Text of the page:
Processed with MOLDIV

Sponsored by STEALING SOMERVILLE Death of an Urban City To order STEALING SOMERVILLE go to:

GOOD MORNING – TODAY IS THURSDAY, April 23, the 114th day of 2020 with 252 to follow. Sunrise in the Boston area is @ 5:50 and sunset is @ 7:34. The moon is waxing. The morning stars are Mars, Neptune and Uranus. Evening stars are Jupiter, Neptune, Saturn, Uranus and Venus.
ON THIS DAY IN: 1348 – The first English order of knighthood was founded. It was the Order of the Garter.
1500 – Pedro Cabal claimed Brazil for Portugal.
1521 – The Comuneros were crushed by royalist troops in Spain.
1635 – The Boston Public Latin School was established. It was the first public school building in the United States.
1759 – The British seized Basse-Terre and Guadeloupe in the Antilies from France.
1789 – U.S. President George Washington moved into Franklin House, New York. It was the first executive mansion.
1789 – “Courier De Boston” was published for the first time. It was the first Roman Catholic magazine in the U.S.
1826 – Missolonghi fell to Egyptian forces.
1861 – Arkansas troops seized Fort Smith.
1872 – Charlotte E. Ray became the African-American woman lawyer.
1895 – Russia, France, and Germany forced Japan to return the Liaodong peninsula to China.
1896 – The Vitascope system for projecting movies onto a screen was demonstrated in New York City.
1900 – The word “hillbilly” was first used in print in an article in the “New York Journal.” It was spelled “Hill-Billie”.
1908 – U.S. President Theodore Roosevelt signed an act creating the U.S. Army Reserve.
1915 – The A.C.A. became the National Advisory Council on Aeronautics (NACA).
1920 – The Turkish Grand National Assembly had its first meeting in Ankara.
1921 – Charles Paddock set a record time in the 300-meter track event when he posted a time of 33.2 seconds.
1924 – The U.S. Senate passed the Soldiers Bonus Bill.
1945 – The Soviet Army fought its way into Berlin.
1948 – Johnny Longden became the first race jockey to ride 3,000 career winners.
1950 – Chaing evacuated Hainan, leaving mainland China to Mao and the communists.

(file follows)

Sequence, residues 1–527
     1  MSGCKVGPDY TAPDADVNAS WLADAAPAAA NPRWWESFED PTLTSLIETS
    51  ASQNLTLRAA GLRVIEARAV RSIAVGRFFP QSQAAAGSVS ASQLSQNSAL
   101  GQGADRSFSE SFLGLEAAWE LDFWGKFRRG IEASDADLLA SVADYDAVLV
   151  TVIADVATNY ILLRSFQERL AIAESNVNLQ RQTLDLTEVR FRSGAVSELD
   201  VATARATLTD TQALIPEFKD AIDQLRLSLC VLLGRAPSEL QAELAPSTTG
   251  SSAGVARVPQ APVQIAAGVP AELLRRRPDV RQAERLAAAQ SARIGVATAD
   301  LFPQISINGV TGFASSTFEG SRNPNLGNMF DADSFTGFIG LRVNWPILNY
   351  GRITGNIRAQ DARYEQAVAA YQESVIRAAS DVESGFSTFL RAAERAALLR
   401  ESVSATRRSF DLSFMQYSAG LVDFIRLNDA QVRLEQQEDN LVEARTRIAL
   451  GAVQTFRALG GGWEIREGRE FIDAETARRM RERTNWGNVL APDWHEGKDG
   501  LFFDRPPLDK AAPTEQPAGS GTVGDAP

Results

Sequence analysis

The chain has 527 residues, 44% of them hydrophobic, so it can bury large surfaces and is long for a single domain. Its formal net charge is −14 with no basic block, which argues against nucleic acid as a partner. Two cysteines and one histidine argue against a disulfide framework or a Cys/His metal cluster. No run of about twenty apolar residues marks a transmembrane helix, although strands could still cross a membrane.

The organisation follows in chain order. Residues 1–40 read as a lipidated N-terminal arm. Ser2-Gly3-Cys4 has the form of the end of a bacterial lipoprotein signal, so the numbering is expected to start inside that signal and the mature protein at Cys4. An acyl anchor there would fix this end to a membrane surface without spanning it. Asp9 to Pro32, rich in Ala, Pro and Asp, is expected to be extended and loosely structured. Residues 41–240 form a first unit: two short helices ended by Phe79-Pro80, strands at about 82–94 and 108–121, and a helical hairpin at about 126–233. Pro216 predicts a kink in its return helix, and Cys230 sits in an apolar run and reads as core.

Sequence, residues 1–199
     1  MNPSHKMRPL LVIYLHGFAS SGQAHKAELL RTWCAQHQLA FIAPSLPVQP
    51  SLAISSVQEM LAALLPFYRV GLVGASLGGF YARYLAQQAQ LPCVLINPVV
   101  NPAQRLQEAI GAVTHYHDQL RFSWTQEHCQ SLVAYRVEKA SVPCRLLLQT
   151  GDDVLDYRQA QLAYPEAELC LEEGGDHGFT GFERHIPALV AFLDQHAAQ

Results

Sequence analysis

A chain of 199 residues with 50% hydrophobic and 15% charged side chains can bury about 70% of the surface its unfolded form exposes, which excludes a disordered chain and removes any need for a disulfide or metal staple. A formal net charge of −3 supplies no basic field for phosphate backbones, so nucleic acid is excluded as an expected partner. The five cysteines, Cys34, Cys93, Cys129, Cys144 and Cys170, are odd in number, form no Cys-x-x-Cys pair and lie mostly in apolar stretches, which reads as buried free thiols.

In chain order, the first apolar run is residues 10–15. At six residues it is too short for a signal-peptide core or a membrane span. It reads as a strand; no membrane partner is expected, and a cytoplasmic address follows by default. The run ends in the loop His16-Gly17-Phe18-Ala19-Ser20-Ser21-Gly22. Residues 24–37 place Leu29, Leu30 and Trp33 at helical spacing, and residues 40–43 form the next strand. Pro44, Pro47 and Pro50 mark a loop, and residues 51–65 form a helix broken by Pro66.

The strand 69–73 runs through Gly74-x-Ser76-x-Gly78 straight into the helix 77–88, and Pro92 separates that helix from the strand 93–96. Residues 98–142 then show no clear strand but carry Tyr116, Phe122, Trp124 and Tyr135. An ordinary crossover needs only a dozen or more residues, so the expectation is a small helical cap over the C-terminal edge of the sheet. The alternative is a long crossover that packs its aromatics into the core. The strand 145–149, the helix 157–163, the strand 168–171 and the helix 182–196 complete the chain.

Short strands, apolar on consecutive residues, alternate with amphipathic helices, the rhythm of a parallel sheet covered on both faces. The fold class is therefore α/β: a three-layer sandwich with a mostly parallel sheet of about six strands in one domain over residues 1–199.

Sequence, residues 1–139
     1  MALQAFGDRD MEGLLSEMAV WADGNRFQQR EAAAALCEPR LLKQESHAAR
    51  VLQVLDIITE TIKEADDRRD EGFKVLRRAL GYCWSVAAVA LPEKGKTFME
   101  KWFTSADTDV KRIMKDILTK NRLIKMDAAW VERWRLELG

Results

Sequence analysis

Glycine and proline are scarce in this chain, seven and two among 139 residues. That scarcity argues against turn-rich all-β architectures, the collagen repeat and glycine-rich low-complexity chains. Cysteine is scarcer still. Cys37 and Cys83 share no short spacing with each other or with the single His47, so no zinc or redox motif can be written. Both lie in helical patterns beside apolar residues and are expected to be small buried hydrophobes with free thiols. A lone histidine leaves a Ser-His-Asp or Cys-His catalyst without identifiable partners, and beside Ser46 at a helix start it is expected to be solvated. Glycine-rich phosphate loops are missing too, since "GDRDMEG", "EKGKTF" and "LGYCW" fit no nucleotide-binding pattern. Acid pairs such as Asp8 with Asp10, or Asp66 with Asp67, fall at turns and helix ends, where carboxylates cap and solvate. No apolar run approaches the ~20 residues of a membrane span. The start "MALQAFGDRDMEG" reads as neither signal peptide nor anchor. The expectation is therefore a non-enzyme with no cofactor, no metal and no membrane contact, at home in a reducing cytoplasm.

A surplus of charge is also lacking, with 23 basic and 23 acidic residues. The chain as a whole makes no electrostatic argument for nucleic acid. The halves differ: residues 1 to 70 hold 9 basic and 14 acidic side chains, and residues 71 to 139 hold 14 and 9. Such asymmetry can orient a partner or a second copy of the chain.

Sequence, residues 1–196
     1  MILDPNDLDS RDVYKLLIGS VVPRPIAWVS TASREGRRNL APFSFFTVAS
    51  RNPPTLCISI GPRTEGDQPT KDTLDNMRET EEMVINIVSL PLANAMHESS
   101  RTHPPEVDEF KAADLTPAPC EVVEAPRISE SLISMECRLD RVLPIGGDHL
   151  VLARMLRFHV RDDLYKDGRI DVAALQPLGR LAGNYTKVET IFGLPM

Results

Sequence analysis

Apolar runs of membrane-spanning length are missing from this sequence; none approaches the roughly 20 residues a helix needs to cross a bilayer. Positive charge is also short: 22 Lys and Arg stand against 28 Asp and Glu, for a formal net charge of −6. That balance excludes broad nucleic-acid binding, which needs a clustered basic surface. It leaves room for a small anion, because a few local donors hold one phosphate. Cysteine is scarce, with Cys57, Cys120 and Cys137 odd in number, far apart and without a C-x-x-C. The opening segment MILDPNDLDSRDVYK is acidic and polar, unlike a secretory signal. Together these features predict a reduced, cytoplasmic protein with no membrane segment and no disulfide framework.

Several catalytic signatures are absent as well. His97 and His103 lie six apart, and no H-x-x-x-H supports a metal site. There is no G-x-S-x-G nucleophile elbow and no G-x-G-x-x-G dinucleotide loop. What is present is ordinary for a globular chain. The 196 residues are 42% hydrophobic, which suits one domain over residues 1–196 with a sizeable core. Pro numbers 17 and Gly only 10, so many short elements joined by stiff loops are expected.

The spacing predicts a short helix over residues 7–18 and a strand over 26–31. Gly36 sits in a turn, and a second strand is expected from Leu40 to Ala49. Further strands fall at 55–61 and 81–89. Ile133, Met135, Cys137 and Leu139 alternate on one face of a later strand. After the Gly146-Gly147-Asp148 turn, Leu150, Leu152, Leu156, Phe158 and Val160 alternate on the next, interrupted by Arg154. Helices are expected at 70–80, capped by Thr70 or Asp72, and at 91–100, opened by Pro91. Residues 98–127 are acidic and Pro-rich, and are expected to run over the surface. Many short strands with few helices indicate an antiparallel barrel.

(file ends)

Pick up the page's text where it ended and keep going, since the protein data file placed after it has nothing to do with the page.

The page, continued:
1951 – The Associated Press began use of the new service of teletype setting.
1954 – Hank Aaron of the Milwaukee Braves hit his first major-league home run on this day.
1964 – Ken Johnson (Houston Astros) threw the first no-hitter for a loss. The game was lost 1-0 to the Cincinnati Reds due to two errors.
1967 – The Soyuz 1 was launched by Russia.
1968 – The Methodist Church and the Evangelical United Brethren Church merged to form the United Methodist Church.
1971 – The Soyuz 10 was launched.
1981 – The Soviet Union conducted an underground nuclear test at their Semipaltinsk (Kazakhstan) test site.
1982 – The U.S. Bureau of Labor Statistics reported that consumer prices declined the previous month (March). It was the first decline in almost 17 years.
1984 – The U.S. Department of Health and Human Services announced that Dr. Robert Gallo and his colleagues had found the cause of AIDS. It was a retrovirus labled HTLV-III.
1985 – The Coca-Cola Company announced that it was changing its 99-year-old secret formula. New Coke was not successful, which resulted in the resumption of selling the original version.
1985 – The U.S. House rejected $14 million in aid to Nicaragua.
1988 – A U.S. federal law took effect that banned smoking on flights that were under two hours.
1988 – In Martinez, CA, a drain valve was left open at the Shell Marsh. More than 10,000 barrels of oil poured into the marsh adjoining Peyton Slough.
1988 – Kanellos Kanelopoulos set three world records for human-powered flight when he stayed in the air for 74 miles and four hours in his pedal-powered “Daedalus”.
1989 – Kareem Abdul-Jabbar played his last regular season game in the NBA.
1996 – An auction of the late Jacqueline Kennedy Onassis’ possessions began at Sotheby’s in New York City. The sale brought in #34.5 million.
1997 – An infertility doctor in California announced that a 63-year-old woman had given birth in late 1996. The child was from a donor egg. The woman is the oldest known woman to give birth.
1999 – In Washington, DC, the heads of state and government of the 19 NATO nations celebrated the organization’s 50th anniversary.
2003 – U.S. President George W. Bush signed legislation that authorized the design change of the 5-cent coin (nickel) for release in 2004. It was the first change to the coin in 65 years. The change, to commemorate the 200th anniversary of the Louisiana Purchase, was planned to run for only two years before returning to the previous design.
2004 – U.S. President George W. Bush eased sanctions against Libya in return for Moammar Gadhafi’s agreement to give up weapons of mass destruction.
2005 – The first video was uploaded to
2009 – The iTunes Music Store reached 1 billion applications downloaded.

Leave a Reply

Your email address will not be published. Required fields are marked *

This site uses Akismet to reduce spam. Learn how your comment data is processed.